How to Get Work as a Guest Entertainer on a Cruise Ship Part III

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This is part 3 on How to Get Work … and Keep it! … by working as a Guest
Entertainer on a cruise ship

Cue Sheets
Always have your cue sheets ready to give the production manager. These will
include any music cues and lighting cues. You will always get time to rehearse and
this will be the time to go over any cues. The stages on the ships today are
incredible and have everything.
Prepare cue sheets for light and sound technicians. Early upon your arrival on the
ship the stage manager will contact you. He or she will want to know what special
requirements you need and how much rehearsal time to schedule. You should be
familiar with your technical requirements. Talk to him about the kind of lighting and
sound you need and any backstage help you will require. At rehearsal you should be
able to supply written cue sheets that explain how and when all the technical things
happen during your act. For recorded music I use a programmable mini-disc unit. If
you use recorded music I recommend that you put it on the highest quality playback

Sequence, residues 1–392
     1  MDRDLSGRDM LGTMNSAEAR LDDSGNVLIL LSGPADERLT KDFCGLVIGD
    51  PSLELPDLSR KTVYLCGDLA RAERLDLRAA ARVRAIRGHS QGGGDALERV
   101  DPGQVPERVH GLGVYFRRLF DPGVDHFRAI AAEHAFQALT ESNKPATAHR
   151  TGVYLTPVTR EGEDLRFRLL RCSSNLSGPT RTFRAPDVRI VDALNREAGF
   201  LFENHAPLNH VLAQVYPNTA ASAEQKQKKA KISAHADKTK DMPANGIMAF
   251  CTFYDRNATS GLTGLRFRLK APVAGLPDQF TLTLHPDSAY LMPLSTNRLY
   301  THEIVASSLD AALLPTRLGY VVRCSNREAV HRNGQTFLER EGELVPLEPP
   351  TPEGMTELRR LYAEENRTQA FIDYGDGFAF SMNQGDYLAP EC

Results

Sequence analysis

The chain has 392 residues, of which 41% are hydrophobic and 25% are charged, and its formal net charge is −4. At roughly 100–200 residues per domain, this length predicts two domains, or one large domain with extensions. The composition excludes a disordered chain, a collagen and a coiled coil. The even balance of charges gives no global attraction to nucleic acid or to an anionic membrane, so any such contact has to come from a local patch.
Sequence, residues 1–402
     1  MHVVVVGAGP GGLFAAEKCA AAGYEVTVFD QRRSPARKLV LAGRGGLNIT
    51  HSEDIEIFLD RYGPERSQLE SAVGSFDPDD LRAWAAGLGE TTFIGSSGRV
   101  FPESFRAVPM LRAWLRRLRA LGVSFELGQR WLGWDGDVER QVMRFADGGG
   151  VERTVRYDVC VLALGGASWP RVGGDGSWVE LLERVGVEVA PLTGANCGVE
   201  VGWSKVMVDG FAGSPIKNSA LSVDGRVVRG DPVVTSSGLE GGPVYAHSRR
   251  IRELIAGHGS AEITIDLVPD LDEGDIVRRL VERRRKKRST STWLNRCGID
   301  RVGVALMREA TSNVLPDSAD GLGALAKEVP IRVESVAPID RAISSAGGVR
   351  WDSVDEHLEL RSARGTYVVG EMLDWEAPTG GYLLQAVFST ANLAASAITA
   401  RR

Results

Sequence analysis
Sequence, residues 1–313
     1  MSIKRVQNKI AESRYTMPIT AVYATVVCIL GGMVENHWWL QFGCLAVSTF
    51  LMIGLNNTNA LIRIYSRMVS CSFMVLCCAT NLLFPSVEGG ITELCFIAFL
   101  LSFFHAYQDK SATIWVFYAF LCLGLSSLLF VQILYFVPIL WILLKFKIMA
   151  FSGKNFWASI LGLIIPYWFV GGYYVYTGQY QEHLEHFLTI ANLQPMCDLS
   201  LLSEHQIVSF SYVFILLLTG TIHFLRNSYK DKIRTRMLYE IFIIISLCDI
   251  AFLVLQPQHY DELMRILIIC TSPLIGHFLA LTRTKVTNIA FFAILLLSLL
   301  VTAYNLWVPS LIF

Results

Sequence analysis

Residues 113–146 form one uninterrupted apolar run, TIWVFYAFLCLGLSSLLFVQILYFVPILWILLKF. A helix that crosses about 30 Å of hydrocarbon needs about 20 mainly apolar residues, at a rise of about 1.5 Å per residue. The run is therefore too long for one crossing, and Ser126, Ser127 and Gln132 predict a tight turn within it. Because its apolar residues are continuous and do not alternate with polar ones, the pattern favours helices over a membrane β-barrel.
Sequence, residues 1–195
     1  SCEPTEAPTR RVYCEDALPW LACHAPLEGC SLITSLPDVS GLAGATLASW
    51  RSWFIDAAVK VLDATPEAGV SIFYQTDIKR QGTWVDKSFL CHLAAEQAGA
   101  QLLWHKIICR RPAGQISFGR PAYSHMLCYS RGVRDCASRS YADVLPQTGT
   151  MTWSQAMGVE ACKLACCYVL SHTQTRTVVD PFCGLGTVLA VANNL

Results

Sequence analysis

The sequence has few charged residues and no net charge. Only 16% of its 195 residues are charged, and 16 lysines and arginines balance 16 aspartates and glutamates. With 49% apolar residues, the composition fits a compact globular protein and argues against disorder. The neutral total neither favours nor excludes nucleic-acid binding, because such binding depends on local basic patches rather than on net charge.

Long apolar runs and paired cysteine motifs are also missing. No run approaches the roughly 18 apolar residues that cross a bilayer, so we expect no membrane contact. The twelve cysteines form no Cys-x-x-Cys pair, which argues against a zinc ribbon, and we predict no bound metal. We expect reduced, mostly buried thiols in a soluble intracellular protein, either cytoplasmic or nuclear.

method you can. If you use extensive and complex lighting, I recommend you bring
videotape of your act to show the lighting technician how you’d like it to look. Light
fixtures change from place to place, but the same mood and affect can be created
from various sources.

Live animals
Some acts do use live animals on ships, to do this you need to get pre-approved by
head office of the cruise line you are working for so they can sort out the paper
work well in advance. To travel with livestock is the responsibility of the Guest
Entertainer.

Theatre Conduct
It is important that you are familiar with stage deportment; how to enter, exit, and
take a curtain call. This is all part of professionalism, simple theatre 101. First
impressions matter, but never more than when you are on stage. During the first 30
seconds, your audience will size you up. They make judgments about you that will
color their attitudes about what you do. The first moments are critical. You need to
strategically decide how you will present yourself immediately upon your
introduction.

Likewise you should give careful consideration to the end of your act. How will you
finish? How will you exit the stage? Cruise ship shows all have emcees, so you will
be called back to the stage for a bow.

Usually, an act will finish their last routine and take a bow as the M.C. announces
the act’s name. The band will play a quick and bouncy piece of music as the
performer walks off stage. The emcee will then ask the audience to “call the
performer back,” with another round of applause. At this point the entertainer walks
back to the stage to receive the applause.

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